As we head into Thanksgiving weekend, I want to spend a few minutes sharing resources with everyone about this holiday from our school’s framework of antibias education. Holidays like this one are culturally nuanced; for many people this is a rare time when loved ones have sufficient time away from work to travel and spend time with their families. There are deeply meaningful traditions embedded in many families’ lives around Thanksgiving.
There are also incredibly harmful myths and messages in how the Thanksgiving holiday has been discussed both in schools and at home for the past few generations.
Here are a few ways to decolonize (sometimes known as Indigenizing) your Thanksgiving traditions:
Combat erasure by learning the real story of Thanksgiving
With very young children, sometimes the most powerful thing we can do is simply avoid misinformation by educating ourselves. You can learn more about the real story of Thanksgiving and how it became an American holiday here and here. By eliminating the myths and stereotypes from the stories we tell, we are giving our children a more respectful framework from which to build their understanding as they get older.
Keepunumuk by Danielle Greendeer, Anthony Perry, and Alexis Bunten is a children’s book about Thanksgiving written from an Indigenous perspective. Stories written by Indigenous authors & illustrators can help paint a more respectful picture of both harvest traditions and the historical events that inspired the modern myth of Thanksgiving.
Celebrate in connection with the land you reside on
For every family this might look a little different. If you live in the greater Seattle area you likely live on the ancestral lands of the Duwamish Tribe – you can learn more about the Duwamish people and land acknowledgments at their website. You might also take time to research foods native to where we are and serve locally & ethically grown options at your celebrations.
Here are a few children’s books about the Seattle area and Salish Sea which you might consider reading with your young children:
If You Want to Visit a Sea Garden by Kay Weisman and Roy Henry Vickers
Northwest Coast Native Animals by Garfinkel Publications
Similar books to this one featuring authentic artwork are all available through the Duwamish Tribe’s shop
1-2-3 Salish Sea by Nikki McClure
Celebrate in connection with your own heritage
For those who know their ancestry, it can be very meaningful to connect young children with where they come from. Regardless of your family’s background you might spend time talking about how you came to live in the Seattle area, sharing stories from elders in your family, or sharing your own traditional foods. By sharing our heritage with our children we can give them meaningful ways to celebrate without appropriating the practices of other communities.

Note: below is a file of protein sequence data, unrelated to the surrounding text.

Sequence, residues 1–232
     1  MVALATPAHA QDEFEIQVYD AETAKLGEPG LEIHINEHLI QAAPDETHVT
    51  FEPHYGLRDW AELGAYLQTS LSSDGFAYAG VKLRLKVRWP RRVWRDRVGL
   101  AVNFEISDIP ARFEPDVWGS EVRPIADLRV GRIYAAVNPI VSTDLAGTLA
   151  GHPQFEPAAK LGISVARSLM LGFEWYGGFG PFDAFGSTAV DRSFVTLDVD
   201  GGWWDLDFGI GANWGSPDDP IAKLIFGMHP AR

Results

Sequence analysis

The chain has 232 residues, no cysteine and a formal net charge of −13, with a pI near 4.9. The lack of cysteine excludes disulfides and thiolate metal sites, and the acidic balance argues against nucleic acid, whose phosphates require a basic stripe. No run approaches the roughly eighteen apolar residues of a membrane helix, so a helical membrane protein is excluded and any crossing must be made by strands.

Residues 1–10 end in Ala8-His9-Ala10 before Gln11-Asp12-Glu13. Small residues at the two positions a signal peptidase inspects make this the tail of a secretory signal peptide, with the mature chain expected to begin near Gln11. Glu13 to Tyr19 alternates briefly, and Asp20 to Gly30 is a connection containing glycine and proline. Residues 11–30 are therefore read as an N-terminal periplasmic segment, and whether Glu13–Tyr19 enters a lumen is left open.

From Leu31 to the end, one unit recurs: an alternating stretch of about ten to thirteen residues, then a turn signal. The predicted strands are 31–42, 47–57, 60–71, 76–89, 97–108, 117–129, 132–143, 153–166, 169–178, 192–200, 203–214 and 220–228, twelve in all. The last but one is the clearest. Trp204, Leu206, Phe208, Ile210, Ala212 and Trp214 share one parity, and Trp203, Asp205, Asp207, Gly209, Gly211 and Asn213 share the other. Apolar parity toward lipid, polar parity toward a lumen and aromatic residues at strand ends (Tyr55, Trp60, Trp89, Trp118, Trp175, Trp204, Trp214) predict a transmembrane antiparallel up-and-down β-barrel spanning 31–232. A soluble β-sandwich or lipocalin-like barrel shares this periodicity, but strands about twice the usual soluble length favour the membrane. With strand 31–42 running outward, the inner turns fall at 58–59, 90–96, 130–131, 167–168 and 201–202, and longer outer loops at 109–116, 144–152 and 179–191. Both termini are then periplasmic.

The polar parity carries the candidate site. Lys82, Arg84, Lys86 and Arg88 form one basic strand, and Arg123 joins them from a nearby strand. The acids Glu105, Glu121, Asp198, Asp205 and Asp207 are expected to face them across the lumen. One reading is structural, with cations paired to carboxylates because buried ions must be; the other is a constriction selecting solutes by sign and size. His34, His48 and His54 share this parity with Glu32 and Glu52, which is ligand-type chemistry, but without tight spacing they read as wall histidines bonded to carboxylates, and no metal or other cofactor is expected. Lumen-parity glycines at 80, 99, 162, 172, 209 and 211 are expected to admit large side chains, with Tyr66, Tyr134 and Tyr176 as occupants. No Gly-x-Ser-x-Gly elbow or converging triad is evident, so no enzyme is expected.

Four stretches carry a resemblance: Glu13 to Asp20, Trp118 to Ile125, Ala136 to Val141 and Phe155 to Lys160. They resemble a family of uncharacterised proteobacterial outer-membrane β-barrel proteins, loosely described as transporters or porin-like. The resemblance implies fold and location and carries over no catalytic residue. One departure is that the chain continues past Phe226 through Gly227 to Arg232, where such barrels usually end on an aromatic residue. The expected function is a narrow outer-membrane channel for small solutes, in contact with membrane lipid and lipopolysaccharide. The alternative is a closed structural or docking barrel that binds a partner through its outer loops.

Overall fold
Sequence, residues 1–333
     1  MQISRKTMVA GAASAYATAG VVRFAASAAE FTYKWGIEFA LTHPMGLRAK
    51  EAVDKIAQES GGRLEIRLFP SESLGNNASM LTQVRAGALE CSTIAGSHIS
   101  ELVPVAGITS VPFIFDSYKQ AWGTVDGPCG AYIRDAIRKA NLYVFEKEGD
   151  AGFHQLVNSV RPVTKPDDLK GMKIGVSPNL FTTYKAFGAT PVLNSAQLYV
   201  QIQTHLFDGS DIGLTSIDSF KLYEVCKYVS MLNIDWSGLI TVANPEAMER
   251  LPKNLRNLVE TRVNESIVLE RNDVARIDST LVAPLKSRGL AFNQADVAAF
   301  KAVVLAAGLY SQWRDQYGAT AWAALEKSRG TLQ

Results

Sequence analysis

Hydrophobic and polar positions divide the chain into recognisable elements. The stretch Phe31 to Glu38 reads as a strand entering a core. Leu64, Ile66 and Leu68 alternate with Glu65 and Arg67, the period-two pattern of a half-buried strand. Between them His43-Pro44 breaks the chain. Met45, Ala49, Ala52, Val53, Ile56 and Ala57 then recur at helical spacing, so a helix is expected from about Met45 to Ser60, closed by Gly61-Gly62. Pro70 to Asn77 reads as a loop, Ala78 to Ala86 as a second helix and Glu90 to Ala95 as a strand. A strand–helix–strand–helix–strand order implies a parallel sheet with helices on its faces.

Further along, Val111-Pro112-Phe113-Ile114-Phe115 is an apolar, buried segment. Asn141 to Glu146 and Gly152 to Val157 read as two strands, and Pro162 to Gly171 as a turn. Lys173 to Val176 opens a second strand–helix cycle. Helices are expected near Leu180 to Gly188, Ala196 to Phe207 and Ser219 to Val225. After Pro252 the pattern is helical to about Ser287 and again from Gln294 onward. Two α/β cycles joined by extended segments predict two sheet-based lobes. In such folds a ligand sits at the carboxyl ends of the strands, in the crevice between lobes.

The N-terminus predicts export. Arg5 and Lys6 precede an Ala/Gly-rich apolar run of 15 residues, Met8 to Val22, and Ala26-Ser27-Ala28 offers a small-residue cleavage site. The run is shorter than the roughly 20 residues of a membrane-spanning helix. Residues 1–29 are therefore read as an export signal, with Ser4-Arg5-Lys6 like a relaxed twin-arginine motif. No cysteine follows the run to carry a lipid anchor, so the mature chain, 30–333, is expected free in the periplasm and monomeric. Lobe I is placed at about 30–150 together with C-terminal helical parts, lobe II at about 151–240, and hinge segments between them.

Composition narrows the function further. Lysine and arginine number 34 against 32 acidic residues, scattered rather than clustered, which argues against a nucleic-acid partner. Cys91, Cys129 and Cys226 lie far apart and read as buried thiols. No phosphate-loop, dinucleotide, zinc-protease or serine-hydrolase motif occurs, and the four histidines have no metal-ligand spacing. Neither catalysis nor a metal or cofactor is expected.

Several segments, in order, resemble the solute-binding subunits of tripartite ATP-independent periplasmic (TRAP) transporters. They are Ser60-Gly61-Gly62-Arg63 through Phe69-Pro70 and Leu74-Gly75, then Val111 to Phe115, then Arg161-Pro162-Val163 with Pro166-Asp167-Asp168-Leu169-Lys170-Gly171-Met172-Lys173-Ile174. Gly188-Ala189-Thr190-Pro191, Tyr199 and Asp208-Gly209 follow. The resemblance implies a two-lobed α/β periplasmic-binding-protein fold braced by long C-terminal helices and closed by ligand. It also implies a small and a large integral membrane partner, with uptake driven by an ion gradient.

Participate in #Landback and other advocacy efforts
In the process of learning more about the history of colonization, we can reach for meaningful restorative action to be taken both locally and globally. Some families use Thanksgiving each year as a reminder to renew their Real Rent contributions. We can also participate in global action by learning more about colonization in current times, donating to relief funds, and demanding justice for those being harmed in the most recent acts of oppression.
You can participate in Gaza oriented humanitarian aid by:
Finally, for some place-oriented guidance on celebrating Thanksgiving in meaningful and restorative ways I’d like to share the Duwamish Tribe’s Holiday Placemat.
You can download your own here
Credit is due to the following organizations:
The Duwamish Tribe – The First People of Seattle.
Bioneers, a non-profit organization focused on connecting people with resources rooted in environmental and social justice and their Indigeneity Department. For more information you can read their articles on Decolonizing Thanksgiving Celebrations.
Cultural Survival, a program seeking to advocate for Indigenous Peoples’ rights and support self-determination, political resilience, and culture for Indigenous Communities. For their full list of ways to Decolonize Your Thanksgiving Dinner, read more here!